This blog is for everyone who uses words.

The ordinary-sized words are for everyone, but the big ones are especially for children.

Wednesday, 24 August 2016

Nuts and Bolts: where the wild words are.

Oh, heavens to Betsy, this is incredible.

Jack Gallant (could there be a better name for a hero?), a neuroscientist at the University of California, has been mapping words to particular parts of the brain.

His aim was to show how words are physically linked, if at all, by meaning. It turns out that different small areas of the brain (he looked at up to 80,000 of them) are associated with groups of related words.

Basically, this means that your brain doesn't contain a dictionary so much as a thesaurus.

One of the most extraordinary things is that all the people studied (they were all English speakers) seem to hold the same groups of words in the same place in the brain. This means that one day a scanner might be able to read minds (though admittedly there were only seven people scanned, and two of them were the authors of the study, so this wasn't really a representative sample).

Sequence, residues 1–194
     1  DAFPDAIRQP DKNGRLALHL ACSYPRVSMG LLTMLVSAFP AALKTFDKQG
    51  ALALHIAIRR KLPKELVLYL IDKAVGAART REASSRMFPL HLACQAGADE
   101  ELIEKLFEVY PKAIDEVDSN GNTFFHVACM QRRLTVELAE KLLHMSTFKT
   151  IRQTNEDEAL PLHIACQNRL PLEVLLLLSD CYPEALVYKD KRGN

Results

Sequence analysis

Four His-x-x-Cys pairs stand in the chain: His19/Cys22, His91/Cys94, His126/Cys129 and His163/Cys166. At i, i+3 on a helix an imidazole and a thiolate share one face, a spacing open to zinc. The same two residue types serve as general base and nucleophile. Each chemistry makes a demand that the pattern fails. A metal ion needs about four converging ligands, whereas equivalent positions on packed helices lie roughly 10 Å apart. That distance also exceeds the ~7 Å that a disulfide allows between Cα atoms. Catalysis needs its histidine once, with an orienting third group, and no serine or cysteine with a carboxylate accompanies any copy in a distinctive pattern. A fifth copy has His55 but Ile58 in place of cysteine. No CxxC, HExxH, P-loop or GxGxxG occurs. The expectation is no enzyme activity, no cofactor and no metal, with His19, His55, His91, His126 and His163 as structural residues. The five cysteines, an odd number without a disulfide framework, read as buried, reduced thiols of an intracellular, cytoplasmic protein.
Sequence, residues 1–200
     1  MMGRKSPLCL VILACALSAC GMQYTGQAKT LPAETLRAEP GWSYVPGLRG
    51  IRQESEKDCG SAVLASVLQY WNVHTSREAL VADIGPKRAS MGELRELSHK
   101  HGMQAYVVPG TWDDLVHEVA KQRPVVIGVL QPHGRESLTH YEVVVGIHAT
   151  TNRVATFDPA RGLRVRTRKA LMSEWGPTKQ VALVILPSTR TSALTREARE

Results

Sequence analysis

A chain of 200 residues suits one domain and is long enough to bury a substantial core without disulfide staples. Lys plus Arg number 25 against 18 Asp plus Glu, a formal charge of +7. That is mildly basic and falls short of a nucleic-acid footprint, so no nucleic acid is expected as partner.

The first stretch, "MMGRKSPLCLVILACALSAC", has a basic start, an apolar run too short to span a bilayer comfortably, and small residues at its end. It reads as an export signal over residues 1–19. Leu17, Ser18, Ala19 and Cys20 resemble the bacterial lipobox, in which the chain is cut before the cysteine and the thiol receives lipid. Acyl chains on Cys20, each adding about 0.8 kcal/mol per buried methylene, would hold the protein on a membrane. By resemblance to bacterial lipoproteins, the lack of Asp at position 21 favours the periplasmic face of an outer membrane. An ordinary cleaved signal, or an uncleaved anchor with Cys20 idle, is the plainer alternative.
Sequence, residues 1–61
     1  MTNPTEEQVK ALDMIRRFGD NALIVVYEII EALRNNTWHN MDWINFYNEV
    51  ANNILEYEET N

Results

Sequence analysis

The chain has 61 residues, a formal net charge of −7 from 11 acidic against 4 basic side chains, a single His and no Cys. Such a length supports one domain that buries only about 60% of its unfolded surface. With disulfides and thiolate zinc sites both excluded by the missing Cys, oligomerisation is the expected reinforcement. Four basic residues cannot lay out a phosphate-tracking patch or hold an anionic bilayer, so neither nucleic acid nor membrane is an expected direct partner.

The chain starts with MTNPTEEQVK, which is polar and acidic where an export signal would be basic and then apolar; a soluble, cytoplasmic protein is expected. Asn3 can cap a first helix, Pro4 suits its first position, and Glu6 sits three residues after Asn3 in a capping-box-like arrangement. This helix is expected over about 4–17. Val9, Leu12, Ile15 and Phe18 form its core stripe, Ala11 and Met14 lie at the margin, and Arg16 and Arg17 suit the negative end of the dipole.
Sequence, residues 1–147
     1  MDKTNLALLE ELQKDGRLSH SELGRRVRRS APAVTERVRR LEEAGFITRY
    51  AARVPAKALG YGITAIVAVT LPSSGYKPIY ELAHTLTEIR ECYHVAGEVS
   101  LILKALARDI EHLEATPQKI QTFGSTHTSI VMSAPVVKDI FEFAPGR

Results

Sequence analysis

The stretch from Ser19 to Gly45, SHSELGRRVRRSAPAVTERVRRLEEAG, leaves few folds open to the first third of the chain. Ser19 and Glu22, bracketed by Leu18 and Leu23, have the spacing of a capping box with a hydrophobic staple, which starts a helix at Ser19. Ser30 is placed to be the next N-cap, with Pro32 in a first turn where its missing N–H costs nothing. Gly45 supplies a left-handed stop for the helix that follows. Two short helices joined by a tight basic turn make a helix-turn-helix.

How did Alexander Huth, the first author of the study, (another hero's name!) make his map? Well, he scanned the brains of people listening to radio short stories and then matched how neural responses matched the words.

Actually, as you'd expect, it's not quite as simple as words having their own places in the brain. Victim, convicted, murdered and confessed are close together, as are wife, husband, children and parents. But a word like table might appear in several places, depending on whether you were talking about an item of furniture, a statistical device, or a geological feature.

The most marvellous thing is that you can see this brain map for yourself and see the word-links HERE.

This is amazing, but I want to know much more. I want to know if a great writer tends to move within the groups of words like an average person, or moves more frequently between them. I want to know if a French speaker groups the same meanings as an English speaker. If there's a difference between the storage systems of men and women. How the words of a second language are grouped.

Oh, but there's just so much more I want to know!

Word To Use Today: link. This word came to us in the 1300s from Scandinavian, but where Scandinavians keep the word link in their brains, and whether it's the same place as I do, I don't yet know.

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